Wednesday, 11 April 2018

Prevention of Cerebral Palsy Caused By Intrapartum Fetal Brain Damage with Novel Hypoxia Index



 Late deceleration (LD) was known to relate to ominous outcome. However, even 3 connected LDs resulted in vigorous neonate. A possible contradiction were there to be elucidated. An early delivery may not prevent cerebral palsy after the loss of fetal heart rate (FHR) variability, as it is the sign of fetal brain damage. Thus, the vicious signs should be predicted before arriving disaster.

Some recommendations were proposed; early delivery in the loss of FHR acceleration or repeated decelerations, however, there was no description concerning the number of decelerations. Taking these into account, all of late, early, variable decelerations and sudden acute continuous FHR bradycardia were studied using novel hypoxia Index (HI), which was the sum of duration (min) of decelerations divided by the lowest FHR (bpm), and multiplied by 100. Among cases with HI values 25 and 26 developed the loss of FHR variability followed by fetal brain damage and cerebral palsy, while cases with HI 20-24 in abnormal FHR developed neither loss of variability nor cerebral palsy.. The preceded study thus suggested a feasibility of early delivery when HI was increasing in the level below 25.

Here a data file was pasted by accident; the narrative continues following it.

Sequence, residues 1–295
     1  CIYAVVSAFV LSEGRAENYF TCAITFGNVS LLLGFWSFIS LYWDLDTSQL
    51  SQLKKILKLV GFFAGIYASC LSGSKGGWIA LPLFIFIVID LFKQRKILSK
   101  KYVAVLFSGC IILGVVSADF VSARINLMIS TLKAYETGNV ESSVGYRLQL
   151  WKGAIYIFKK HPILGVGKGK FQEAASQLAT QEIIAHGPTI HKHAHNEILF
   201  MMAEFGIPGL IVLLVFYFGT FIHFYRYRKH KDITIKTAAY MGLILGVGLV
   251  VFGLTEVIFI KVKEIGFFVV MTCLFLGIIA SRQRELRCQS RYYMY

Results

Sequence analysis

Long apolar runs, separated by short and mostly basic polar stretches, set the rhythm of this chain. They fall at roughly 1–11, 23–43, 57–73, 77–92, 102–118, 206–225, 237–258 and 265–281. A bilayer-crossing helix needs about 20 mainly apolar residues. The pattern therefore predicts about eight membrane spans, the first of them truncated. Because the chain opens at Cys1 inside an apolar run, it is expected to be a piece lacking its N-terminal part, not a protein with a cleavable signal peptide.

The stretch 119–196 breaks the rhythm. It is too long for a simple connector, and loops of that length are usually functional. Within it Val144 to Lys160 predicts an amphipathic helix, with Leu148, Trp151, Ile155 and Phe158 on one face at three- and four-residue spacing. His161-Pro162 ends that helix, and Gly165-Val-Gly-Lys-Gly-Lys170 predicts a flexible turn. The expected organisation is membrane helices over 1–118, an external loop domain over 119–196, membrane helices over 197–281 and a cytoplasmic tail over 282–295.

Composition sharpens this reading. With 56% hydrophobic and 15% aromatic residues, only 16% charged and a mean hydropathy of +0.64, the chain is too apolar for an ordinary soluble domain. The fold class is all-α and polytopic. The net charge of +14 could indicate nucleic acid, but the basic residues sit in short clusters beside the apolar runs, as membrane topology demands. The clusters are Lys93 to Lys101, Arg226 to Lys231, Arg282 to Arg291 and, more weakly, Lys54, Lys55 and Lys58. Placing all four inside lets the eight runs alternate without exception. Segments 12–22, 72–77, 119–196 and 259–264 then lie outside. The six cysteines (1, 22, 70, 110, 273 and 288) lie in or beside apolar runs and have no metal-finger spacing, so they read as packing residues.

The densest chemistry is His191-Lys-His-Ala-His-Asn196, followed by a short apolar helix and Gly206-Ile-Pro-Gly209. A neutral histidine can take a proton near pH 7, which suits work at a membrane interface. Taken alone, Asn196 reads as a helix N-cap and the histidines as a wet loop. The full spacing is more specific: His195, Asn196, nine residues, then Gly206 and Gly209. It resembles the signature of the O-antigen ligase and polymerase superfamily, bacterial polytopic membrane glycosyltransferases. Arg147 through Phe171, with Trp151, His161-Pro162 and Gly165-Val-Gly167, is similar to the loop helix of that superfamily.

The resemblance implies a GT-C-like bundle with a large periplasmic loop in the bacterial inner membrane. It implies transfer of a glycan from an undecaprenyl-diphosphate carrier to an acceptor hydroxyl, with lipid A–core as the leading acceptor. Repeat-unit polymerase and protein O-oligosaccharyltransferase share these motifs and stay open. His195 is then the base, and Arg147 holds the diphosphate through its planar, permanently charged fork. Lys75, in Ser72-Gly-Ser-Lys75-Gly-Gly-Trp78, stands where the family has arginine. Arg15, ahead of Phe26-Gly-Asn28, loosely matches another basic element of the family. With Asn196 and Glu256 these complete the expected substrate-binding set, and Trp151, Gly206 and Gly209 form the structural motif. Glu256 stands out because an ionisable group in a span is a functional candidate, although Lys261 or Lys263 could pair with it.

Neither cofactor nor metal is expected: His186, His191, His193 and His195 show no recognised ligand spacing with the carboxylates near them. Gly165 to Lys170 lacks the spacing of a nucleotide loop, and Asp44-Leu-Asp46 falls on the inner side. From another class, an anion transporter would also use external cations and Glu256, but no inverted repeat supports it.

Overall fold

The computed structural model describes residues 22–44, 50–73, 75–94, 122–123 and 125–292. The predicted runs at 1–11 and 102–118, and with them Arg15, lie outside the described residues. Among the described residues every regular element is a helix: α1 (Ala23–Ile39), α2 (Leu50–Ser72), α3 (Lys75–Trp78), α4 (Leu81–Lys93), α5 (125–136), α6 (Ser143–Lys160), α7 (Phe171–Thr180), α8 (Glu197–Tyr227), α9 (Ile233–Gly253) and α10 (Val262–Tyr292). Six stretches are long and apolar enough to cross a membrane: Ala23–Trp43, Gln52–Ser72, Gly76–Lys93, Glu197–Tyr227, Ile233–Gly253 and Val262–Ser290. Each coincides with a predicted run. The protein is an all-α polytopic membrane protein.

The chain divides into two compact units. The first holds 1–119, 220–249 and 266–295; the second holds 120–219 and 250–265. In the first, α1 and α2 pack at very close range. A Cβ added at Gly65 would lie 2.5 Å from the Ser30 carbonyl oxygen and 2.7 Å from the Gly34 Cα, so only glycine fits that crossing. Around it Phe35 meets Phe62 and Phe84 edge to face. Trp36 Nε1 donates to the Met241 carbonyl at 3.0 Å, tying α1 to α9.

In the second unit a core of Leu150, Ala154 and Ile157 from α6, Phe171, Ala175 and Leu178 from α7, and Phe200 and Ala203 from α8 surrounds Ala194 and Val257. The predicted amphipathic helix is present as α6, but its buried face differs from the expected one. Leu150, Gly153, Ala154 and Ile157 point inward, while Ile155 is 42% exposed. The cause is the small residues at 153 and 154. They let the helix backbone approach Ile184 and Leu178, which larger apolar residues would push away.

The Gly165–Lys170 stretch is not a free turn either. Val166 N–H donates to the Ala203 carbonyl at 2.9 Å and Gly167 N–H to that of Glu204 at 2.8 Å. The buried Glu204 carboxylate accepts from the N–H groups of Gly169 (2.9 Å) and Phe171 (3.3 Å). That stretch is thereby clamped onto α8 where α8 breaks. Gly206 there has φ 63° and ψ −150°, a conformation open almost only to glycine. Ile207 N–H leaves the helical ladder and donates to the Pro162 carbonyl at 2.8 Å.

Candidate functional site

The HI of 3 LDs was 6 and its neonate was vigorous, while HI was 26 in the loss of variability and infantile brain damage in repeated LDs in 50 min, where the discrepancy of LD was solved by the HI. Also, the HI was 25 in the loss of variability followed by cerebral palsy, while there was neither loss of variability nor cerebral palsy in cases HI being 20-24. 

The threshold of HI was 25 to develop the loss of variability followed by fetal brain damage and cerebral palsy. An early delivery is recommended, when the HI is increasing in the level below 25, thus, the HI is verified to incorporate in the soft wear of computerized FHR monitoring.


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